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Borges v. Hamed

Decided: March 23, 1990.

ALBERTINA BORGES, PLAINTIFF,
v.
FAIEZ HAMED AND LOURDES HAMED, DEFENDANTS



DeStefano, J.s.c.

Destefano

[247 NJSuper Page 353] This is a motion for summary judgment by defendant homeowners. The question presented is whether a three family, owner-occupied house, with two rental units, is "commercial"

property for purposes of extending liability for a defective abutting sidewalk under the authority of Stewart v. 104 Wallace Street Inc., 87 N.J. 146, 432 A.2d 881 (1981).

Plaintiff, Albertina Borges, tripped and fell on a cracked sidewalk abutting defendants' property. Borges suffered facial injuries, including a fractured nose. She brings this action alleging negligence in the maintenance of the sidewalk. The sidewalk where plaintiff fell was in place before the defendants purchased the house. There is no indication of when the sidewalk was constructed or by whom. Defendants have made no repairs to the sidewalk. There is no evidence that anyone made repairs.

The defendants, Faiez Hamed and Lourdes Hamed, are husband and wife. They purchased a three family house located at 1451-1455 Concord Place, Elizabeth, in February 1979. The first floor is occupied by Lourdes Hamed's sister, her husband and two children. The second floor is occupied by Mrs. Hamed's mother, stepfather and two brothers. The third floor is occupied by Mr. and Mrs. Hamed. The entire family has lived in this residential neighborhood for eleven years. Mrs. Hamed's mother and sister pay monthly rent.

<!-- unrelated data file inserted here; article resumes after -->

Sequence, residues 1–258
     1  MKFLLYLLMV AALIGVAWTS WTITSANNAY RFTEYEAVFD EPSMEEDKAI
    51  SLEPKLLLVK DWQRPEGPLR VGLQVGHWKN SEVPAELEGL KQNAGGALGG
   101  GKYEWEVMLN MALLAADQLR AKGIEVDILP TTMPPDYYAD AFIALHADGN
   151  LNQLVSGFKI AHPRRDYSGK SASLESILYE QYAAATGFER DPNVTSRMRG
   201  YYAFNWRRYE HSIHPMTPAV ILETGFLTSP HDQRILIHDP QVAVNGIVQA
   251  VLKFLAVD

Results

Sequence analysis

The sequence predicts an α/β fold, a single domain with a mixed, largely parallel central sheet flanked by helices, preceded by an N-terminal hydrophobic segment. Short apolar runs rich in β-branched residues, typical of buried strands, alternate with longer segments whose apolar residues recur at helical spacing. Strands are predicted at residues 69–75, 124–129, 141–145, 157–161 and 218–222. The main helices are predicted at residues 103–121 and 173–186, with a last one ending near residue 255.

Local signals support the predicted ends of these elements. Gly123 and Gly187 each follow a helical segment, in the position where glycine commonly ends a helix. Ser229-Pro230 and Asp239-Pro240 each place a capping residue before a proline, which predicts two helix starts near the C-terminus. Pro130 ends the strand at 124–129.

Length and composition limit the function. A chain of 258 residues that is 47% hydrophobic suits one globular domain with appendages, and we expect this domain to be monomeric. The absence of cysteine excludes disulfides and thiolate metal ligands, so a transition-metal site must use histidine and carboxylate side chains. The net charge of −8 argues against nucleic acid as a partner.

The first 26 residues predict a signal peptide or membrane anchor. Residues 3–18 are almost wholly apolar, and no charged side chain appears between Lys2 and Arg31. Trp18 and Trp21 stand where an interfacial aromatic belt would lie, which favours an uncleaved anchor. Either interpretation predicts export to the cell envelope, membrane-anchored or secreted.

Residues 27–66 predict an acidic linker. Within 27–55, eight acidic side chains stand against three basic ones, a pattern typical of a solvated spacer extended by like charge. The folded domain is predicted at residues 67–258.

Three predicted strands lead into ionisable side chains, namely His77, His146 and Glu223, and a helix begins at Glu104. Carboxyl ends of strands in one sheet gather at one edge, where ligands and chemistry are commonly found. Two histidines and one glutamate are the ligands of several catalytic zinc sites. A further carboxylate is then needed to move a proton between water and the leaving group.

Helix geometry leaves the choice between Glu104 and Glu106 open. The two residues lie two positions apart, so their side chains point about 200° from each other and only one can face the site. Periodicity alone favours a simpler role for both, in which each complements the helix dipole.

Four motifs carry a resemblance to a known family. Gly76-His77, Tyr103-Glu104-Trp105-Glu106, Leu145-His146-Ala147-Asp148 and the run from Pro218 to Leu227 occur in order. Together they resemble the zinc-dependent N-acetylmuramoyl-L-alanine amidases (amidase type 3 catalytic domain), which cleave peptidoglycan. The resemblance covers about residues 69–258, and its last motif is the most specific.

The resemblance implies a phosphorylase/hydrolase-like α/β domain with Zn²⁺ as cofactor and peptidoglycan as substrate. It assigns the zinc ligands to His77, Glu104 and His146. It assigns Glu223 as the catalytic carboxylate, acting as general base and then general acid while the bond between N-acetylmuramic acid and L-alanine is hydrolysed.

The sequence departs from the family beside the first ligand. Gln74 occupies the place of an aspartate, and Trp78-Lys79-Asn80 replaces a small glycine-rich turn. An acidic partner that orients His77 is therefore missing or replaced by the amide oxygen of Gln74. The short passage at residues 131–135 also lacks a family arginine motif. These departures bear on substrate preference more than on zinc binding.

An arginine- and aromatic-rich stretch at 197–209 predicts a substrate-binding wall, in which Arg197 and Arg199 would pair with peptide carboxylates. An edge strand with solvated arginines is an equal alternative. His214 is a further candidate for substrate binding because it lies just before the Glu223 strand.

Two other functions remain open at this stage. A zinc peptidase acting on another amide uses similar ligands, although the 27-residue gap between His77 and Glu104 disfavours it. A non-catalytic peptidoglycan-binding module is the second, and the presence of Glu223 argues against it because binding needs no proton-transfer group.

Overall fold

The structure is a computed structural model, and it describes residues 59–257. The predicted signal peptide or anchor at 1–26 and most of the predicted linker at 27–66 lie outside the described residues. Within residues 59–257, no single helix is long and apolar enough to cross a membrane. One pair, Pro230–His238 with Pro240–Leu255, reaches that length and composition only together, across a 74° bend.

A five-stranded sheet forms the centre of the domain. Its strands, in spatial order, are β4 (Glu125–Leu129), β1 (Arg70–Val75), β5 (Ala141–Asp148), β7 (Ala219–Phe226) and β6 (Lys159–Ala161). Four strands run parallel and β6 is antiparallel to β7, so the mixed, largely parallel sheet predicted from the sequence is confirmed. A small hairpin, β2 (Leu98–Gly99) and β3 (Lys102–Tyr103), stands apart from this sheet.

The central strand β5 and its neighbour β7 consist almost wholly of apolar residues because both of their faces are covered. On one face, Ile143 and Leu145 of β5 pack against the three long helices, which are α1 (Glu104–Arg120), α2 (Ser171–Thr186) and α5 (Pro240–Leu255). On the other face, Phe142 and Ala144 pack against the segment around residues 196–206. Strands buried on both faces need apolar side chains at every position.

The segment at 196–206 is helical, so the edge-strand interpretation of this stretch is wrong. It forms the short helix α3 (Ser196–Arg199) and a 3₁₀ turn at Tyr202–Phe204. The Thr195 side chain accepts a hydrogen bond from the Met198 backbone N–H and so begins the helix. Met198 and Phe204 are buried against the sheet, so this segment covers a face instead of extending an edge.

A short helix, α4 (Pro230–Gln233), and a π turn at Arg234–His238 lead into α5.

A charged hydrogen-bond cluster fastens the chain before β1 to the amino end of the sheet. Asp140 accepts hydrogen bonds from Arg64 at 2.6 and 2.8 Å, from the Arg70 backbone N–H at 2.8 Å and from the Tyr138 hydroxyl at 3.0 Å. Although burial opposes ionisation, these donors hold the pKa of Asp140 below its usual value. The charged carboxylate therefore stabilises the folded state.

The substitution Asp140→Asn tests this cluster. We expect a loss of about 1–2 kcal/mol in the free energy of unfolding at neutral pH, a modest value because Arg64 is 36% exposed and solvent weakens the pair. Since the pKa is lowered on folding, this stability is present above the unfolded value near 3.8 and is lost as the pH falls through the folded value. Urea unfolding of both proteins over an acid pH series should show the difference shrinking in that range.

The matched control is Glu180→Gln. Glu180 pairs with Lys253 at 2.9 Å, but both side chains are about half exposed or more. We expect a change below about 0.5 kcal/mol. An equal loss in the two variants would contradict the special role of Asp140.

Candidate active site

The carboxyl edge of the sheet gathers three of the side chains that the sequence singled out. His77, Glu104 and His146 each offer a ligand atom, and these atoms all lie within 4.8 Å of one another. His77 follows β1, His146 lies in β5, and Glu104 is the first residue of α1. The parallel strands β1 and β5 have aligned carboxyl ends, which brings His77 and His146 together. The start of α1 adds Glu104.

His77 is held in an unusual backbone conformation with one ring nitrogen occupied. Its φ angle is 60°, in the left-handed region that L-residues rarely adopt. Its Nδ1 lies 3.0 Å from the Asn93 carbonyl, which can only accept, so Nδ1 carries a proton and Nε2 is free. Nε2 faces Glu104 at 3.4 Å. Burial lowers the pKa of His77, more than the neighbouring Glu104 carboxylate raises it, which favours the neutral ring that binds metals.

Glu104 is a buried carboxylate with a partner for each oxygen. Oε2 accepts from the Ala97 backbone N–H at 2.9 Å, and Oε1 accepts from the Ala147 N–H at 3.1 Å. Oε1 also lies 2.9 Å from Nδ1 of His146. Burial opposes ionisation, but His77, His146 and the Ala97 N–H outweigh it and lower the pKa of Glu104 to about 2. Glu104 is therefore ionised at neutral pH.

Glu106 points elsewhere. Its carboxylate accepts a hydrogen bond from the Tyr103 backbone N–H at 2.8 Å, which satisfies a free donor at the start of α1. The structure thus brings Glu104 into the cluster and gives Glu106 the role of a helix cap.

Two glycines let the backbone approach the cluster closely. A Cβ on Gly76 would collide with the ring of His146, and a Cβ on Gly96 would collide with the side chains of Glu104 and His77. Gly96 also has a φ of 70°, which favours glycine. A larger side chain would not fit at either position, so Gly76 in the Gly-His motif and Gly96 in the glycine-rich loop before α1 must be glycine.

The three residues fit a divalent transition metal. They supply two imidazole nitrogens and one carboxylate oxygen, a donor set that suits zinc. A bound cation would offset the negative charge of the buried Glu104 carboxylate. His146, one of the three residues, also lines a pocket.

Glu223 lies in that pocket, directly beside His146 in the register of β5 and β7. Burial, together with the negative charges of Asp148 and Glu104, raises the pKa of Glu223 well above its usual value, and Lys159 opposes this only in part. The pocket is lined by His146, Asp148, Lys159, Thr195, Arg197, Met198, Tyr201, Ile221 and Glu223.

In Yanhko v. Fane, 70 N.J. 528, 362 A.2d 1 (1976) the Supreme Court held,

"an abutting owner is not liable for the condition of the sidewalk caused by the action of the elements or by wear and tear incident to public use, but only for the negligent construction or repair of the sidewalk by himself or by a specified predecessor in title or for direct use or obstruction of the sidewalk by the owner in such a manner as to render it unsafe for passersby." Id. at 532, 362 A.2d 1.

In Stewart v. 104 Wallace Street Inc., supra, the Supreme Court held that,

"commercial land owners are responsible for maintaining in reasonably good condition the sidewalks abutting their property and are liable to pedestrians injured as a result of their negligent failure to do so." Id. at 157, 432 A.2d 881.

The Stewart decision did not impose a duty to maintain abutting sidewalks on owners of residential property. The Court specifically left that determination to the Legislature. Id. at 159, fn. 6, 432 A.2d 881. The Court also remarked that

commonly accepted definitions of "commercial" and "residential" property would apply. An apartment building is an example of "commercial" ...


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